This recipe is so easy to cook and goes a mad, almost flourescent yellow when you first mix the jelly and cream together:

The end result is lovely.  The tanginess of the lemon and the pineapple cut through the heaviness of the cream so you don’t get that horrible creamy coating on your tongue.  It is a lovely light and refreshing dessert.  I’ll definitely be making this again and am already thinking about how I could use the same techniques with different fruit and jelly combinations – strawberries with strawberry jelly?  Maybe my favourite rhubarb with raspberry and rosewater jelly…  In the meantime though, just enjoy this as is!

The Italian Cuisine I Love – Moccha Mousse

There is something delightfully retro about  chocolate mousse.  And this recipe is right up there with the best of them  Gooey, luscious chocolate kept from being too sweet by a shot  of coffee and a hefty dose of alcohol.  The recipe called for Strega and rum.  I didn’t have either of these  so I used kahlua and amaretto.  You could really use anything you have on hand!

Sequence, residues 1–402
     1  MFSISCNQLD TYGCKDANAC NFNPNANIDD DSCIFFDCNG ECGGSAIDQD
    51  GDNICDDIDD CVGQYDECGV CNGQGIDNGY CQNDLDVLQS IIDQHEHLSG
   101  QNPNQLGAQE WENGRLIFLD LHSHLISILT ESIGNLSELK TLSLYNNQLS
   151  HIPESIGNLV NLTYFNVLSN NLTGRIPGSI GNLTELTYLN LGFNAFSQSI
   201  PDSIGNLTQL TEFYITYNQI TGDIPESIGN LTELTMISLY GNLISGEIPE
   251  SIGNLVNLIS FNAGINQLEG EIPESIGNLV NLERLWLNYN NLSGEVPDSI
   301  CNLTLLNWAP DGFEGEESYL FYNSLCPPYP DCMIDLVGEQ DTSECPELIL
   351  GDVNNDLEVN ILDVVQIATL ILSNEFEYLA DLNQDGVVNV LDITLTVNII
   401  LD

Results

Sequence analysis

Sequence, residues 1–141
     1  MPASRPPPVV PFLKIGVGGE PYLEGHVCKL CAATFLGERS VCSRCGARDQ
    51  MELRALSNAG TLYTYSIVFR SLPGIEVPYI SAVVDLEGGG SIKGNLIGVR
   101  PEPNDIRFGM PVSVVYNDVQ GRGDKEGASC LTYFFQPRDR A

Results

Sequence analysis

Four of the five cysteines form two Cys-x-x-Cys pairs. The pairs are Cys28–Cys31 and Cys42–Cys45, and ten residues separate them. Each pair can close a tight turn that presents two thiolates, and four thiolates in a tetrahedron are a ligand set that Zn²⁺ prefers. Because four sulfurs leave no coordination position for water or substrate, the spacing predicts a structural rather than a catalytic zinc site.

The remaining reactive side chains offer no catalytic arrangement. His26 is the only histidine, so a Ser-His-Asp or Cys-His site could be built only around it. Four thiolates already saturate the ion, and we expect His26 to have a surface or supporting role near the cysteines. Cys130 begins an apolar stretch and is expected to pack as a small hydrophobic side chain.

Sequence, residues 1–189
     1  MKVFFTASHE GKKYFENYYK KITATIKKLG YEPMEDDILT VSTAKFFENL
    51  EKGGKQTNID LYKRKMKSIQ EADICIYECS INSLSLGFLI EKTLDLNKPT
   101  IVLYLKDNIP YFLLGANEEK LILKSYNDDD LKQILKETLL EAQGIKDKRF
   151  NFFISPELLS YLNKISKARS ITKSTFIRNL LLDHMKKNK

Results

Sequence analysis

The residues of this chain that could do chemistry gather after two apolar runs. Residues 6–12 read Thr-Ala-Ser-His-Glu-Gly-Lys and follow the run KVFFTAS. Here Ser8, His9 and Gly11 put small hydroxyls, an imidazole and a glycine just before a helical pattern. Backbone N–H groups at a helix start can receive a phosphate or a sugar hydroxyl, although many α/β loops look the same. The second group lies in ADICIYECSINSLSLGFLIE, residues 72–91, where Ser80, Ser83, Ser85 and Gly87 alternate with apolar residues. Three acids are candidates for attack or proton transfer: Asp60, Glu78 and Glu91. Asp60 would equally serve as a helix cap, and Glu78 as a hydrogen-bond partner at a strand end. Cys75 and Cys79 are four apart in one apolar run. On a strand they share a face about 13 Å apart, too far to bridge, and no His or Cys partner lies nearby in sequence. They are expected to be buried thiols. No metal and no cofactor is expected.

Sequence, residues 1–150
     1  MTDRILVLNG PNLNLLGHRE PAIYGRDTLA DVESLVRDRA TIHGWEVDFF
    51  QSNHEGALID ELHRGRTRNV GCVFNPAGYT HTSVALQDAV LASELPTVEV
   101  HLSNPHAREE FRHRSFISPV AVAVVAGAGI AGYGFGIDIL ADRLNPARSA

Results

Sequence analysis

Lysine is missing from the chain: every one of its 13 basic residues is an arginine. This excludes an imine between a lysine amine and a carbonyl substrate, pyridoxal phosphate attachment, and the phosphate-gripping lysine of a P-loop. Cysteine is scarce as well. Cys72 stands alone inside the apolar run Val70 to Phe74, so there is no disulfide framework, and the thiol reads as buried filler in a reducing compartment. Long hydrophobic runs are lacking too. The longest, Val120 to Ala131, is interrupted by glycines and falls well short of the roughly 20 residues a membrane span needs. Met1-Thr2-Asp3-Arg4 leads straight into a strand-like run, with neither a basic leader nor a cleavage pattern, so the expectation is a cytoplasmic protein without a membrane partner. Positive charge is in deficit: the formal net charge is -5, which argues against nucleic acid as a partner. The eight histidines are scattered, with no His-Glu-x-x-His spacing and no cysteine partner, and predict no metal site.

This looked so cute served in a  demi- tasse cup!

180g dark chocolate
1 tbsp sugar
4 eggs (free range please)
1/4 cup strong espresso
2 tbsp strega cordial
2 tbsp rum
1 cup whipped cream

Separate eggs.
Beat whites until stiff.
Beat egg yolks with sugar until light and creamy.
Melt chocolate in top of a double boiler over simmering water.
When melted, remove from heat, blend in egg yolks, coffee, strega and rum.
Fold in egg whites and whipped cream.
Put in serving bowl, small individual bowls or demi-tasse cups.
Chill well, preferably overnight.